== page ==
Some remarks on Finnish poetry in 21st century

Some remarks on Finnish poetry in 21st century
First some universal truths about poetry that are applicable in any time and place, including Finland in 21st century. Poetry is always inferior to prose in the sense, that it is worse paid, more difficult to publish (and write?) and to find real enthusiasts who appreciate the flame it succeeds to cause in an individual human being. Publishing poetry is not any more “a cultural act” in the eyes of big publishing houses worth of committing in order to show their cultural-mindedness; on the contrary, publishing houses are mostly governed by the laws of commerciality which is destructive – to poetry and to quality literature in general. Entertaining prose is dominating the spring and august catalogues. This is an easy way to adopt in changing trends in literary market in order to maintain the sales in previous levels.
This is not only an ongoing trend in Finnish, but in global publishing houses. However, there are still enthusiastic readers and writers of poetry, even in they remain in the margins from literary publicity. Publishing poetry is mostly taken care of really small publishers, who “burn” for the thing they do. Poesia is one of the most important publishers of contemporary and experimental poetry, and it is run by young poets and poetry activists. Most of the publishers of poetry are organized in the form of co-operatives, which is becoming an extremely trendy way of organizing themselves among poets and poetry enthusiasts.
Intra-poetic discussions
There is always going on an eternal debate about the role of a poet. Either s/he is seen as a genius following the tradition of bohemian, romantic (symbolist) poets like Baudelaire and Rimbaud, whose mental follower our “big poet” Pentti Saarikoski was, or the status of poet is questioned altogether. More theoretically oriented poets, whose background is often in university, have been eager to ponder in an increasing amount the institutional constraints of poetry and poetic production. Teemu Manninen is one of these theorizing poets, who have been thinking e.g. how conditions of production are affecting the status of poetry in publishing houses. It is mainly those guattarian rhizomelike networks, which nowadays more and more take care of the arbitrary process of signification. Manninen has been eager to reveal and rip off different clichés that dominate the discourse about poetry. It is also these conventional ways of speaking about this topic, that remains already a mystery for everybody involved in writing it or about it.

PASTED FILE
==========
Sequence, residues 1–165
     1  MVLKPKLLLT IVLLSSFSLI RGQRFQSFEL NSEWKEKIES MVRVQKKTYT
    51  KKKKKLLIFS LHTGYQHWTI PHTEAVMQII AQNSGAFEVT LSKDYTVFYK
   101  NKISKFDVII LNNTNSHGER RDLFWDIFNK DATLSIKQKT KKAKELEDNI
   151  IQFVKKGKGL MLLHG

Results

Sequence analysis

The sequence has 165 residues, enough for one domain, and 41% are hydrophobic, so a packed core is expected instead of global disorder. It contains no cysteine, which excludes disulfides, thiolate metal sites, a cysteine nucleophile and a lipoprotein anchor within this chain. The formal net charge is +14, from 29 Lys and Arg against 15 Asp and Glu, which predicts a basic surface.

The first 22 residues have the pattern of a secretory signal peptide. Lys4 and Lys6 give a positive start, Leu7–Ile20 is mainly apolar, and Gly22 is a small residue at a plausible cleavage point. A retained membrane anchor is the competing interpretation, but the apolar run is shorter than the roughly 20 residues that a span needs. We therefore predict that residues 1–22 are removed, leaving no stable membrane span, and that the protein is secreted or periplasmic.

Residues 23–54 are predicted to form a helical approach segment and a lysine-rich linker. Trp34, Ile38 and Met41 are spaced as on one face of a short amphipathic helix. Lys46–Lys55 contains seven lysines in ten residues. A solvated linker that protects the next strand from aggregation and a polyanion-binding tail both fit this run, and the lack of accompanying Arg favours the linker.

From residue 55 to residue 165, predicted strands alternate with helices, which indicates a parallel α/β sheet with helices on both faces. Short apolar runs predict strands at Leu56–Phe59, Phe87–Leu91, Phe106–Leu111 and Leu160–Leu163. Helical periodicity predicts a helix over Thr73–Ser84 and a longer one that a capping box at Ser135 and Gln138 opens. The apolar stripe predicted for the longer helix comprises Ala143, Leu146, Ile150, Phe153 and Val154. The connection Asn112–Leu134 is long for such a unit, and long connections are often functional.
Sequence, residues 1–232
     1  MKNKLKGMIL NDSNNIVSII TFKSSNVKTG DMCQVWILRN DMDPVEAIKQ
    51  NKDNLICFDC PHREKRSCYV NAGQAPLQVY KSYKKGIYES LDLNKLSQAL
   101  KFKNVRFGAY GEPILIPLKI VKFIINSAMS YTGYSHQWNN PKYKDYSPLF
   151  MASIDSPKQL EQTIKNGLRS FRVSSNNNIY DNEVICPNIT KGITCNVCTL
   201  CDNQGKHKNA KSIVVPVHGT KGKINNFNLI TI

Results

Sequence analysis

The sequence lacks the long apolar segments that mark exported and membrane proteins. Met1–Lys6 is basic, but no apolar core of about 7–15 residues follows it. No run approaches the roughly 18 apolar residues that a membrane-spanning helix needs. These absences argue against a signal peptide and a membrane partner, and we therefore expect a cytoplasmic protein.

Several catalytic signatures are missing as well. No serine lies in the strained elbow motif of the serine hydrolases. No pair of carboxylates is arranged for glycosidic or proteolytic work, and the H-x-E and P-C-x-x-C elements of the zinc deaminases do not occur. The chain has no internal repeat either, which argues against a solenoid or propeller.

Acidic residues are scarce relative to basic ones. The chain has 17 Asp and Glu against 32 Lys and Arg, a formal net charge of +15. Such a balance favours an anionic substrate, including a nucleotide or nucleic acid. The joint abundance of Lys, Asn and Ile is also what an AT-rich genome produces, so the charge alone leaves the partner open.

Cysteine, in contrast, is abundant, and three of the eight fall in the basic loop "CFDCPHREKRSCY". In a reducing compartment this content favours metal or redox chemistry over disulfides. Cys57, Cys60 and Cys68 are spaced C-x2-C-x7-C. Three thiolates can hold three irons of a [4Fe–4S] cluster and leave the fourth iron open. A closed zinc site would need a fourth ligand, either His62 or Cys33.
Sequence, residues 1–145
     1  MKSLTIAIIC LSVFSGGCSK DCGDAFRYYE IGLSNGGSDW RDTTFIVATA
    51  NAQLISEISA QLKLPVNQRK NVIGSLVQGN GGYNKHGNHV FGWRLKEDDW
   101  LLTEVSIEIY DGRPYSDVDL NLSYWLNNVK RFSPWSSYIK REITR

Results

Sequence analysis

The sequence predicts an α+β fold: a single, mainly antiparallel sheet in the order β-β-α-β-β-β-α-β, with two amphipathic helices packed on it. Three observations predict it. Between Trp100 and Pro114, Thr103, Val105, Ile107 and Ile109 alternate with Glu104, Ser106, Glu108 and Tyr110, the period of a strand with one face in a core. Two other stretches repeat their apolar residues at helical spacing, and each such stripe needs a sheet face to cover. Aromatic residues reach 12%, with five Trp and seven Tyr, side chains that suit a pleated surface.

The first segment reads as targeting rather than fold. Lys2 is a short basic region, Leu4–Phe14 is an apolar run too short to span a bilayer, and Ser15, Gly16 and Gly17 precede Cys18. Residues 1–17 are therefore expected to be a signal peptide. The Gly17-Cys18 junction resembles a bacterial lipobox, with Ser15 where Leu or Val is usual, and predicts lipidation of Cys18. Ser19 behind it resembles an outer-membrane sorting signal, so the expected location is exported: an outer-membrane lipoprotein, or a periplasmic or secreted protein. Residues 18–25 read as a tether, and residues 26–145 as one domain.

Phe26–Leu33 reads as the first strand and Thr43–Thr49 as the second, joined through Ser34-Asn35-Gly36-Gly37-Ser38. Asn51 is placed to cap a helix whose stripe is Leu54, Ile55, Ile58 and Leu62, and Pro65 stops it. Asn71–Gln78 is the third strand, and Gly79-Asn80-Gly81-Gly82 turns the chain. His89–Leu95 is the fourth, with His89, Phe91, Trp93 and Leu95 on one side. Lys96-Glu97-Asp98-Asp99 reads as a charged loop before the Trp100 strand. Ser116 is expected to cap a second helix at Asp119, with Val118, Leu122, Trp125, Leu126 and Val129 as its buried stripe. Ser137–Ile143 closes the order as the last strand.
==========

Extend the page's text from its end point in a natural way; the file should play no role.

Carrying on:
Manninen´s own poetry is based on Google sculpting and traditional poetical forms, like sonnet and even more classical forms.
A popular and constant discussion about poetry deals with its´ relations to other literary genres. In 21st century prose poetry has become one popular form of poetry and it is mastered e.g. by poets Saila Susiluoto, Silja Järventausta, Sanna Karlström and Risto Oikarinen. These writers have revived this form that was very alive during 1960´s and again in the beginning of 21st century. It is just however one form among others without any special place among contemporary Finnish poetry.
Who are the Finnish contemporary poets I especially like? I name few of them, and warn that they are not too many, because I would rather not make a long list of my colleagues in poetry. I am not the kind of person, who is into namedropping. I think it is good contents that talk for themselves.
A master of Finnish confessional poetry is poet Anni Sumari, who has also translated e.g. Samuel Beckett into Finnish. Anni´s poetic voice is deeply, even painstakingly honest, and reports especially disappointments female narrator has encountered during her adult life with men in amorous relationships. Love is often portrayed as one-sided and something poetic self is never able to attain or reach to. Sumari has published several books of poetry in addition to the translations she has introduced to Finnish audience. Other Finnish poet worth knowing to is Sirkka Turkka, whose books of poetry are full of horses and their lovable fur. She is also greatly fond of dogs, she believes they have a soul. Turkka´s dogs are very humanlike.
Rita Dahl is a Finnish writer with 11 published books, two translations and two editions. She blogs in www.arjentola.blogspot.com. This text has been written for the next issue of Yasakmeyve,a Turkish poetry magazine.

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